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SHAPE and societal recovery from crises

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The SHAPE (Social Sciences, Humanities, and the Arts for People and the Economy) initiative advocates for the value of the social sciences, humanities, and arts subject areas in helping us to understand the world in which we live and find solutions to global issues. As societies around the world respond to the immediate impact of the COVID-19 pandemic, research from SHAPE disciplines has the potential to illuminate how societies process and recover from various social crises.In recognition of the essential role these disciplines play for societal recovery, we have curated a hub of SHAPE research which looks back on how we have rebuilt from social crises in the past, how societies process living through extraordinary times, and considers the next steps societies can take on the road to recovery.Lessons from the pastThroughout history, individuals and societies have encountered periods of crisis caused by factors including war, natural disasters, and health pandemics. Responses to these crises can provide a vital insight into how we respond to future global threats.In a review of how societies respond to peril, Robert Wuthnow suggests that, “nothing, it appears, evokes discussion of moral responsibility quite as clearly as the prospect of impending doom.” Wuthnow examines how societies have responded to four major threats: nuclear holocaust, weapons of mass destruction, concern about a global pandemic, and the threat of global climate change, and finds that, “the picture of humanity that emerges in this literature is one of can-do problem solvers. Doing something, almost anything, affirms our humanity.”Looking further back, the US Civil War also had a profound impact on many people and touched women’s lives in contradictory ways. Hannah Rosen’s chapter “Women, the Civil War, and Reconstruction” examines the wartime and postwar experiences primarily of black and white but also Native American women and provides insights into how we can reconstruct a fairer society. . .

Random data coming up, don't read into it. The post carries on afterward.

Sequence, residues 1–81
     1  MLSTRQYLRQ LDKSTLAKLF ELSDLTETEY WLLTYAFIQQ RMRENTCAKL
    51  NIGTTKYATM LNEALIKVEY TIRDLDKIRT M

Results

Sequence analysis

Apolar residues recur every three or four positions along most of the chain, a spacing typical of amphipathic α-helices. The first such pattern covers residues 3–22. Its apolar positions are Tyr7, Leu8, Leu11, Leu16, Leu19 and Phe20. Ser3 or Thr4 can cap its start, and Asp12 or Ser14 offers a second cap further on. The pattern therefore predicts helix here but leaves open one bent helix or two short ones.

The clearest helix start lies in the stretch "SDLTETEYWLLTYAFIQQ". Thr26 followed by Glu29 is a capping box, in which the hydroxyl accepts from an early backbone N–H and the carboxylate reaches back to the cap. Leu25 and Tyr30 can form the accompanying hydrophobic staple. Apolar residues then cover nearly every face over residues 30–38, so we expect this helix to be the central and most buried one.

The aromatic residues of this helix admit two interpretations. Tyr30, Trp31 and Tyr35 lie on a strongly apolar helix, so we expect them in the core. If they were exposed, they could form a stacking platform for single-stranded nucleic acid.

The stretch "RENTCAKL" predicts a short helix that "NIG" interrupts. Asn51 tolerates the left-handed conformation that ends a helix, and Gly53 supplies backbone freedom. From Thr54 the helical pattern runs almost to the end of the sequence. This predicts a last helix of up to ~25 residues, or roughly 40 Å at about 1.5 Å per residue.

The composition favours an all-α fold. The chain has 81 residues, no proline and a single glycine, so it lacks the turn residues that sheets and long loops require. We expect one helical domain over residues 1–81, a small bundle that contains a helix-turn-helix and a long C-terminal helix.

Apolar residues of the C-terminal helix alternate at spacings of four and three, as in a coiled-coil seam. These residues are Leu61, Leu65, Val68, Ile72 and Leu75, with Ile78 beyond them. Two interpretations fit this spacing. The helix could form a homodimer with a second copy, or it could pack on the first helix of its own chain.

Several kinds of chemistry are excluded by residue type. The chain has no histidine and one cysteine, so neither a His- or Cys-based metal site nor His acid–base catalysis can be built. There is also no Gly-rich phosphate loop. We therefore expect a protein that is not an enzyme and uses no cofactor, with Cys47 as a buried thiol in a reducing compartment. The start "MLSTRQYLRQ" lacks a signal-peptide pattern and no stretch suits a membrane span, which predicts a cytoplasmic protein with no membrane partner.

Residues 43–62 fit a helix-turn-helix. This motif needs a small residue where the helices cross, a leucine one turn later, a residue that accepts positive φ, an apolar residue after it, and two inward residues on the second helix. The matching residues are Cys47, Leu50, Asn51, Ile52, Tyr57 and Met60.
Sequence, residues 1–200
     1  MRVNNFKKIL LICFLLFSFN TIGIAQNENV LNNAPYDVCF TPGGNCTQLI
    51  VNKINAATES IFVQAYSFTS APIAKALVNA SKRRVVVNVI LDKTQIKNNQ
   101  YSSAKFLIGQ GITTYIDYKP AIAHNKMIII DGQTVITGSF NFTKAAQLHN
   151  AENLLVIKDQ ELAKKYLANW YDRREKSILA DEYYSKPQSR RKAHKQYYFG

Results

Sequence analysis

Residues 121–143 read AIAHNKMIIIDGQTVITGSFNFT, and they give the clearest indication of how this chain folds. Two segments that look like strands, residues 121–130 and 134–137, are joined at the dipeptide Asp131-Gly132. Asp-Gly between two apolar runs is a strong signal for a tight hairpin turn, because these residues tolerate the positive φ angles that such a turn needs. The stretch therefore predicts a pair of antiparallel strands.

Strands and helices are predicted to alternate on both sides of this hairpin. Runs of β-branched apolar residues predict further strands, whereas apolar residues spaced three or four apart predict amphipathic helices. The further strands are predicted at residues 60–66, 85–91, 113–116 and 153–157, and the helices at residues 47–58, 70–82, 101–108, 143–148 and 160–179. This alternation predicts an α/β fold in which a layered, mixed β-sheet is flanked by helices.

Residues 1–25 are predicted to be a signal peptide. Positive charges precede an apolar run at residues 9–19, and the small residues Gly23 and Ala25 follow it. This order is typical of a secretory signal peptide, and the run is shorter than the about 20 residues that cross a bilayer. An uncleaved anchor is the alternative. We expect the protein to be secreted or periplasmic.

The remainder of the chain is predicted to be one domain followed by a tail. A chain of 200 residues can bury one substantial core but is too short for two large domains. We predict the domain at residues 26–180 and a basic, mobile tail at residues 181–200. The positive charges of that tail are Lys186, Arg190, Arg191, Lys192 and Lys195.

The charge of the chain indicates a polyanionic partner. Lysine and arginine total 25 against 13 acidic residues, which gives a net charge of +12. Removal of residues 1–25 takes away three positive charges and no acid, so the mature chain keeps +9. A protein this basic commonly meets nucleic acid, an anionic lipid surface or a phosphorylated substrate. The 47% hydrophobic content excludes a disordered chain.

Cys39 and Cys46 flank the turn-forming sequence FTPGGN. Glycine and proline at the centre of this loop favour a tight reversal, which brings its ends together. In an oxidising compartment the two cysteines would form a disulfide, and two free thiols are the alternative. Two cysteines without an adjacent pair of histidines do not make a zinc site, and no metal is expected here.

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News source: OUPblog » Philosophy

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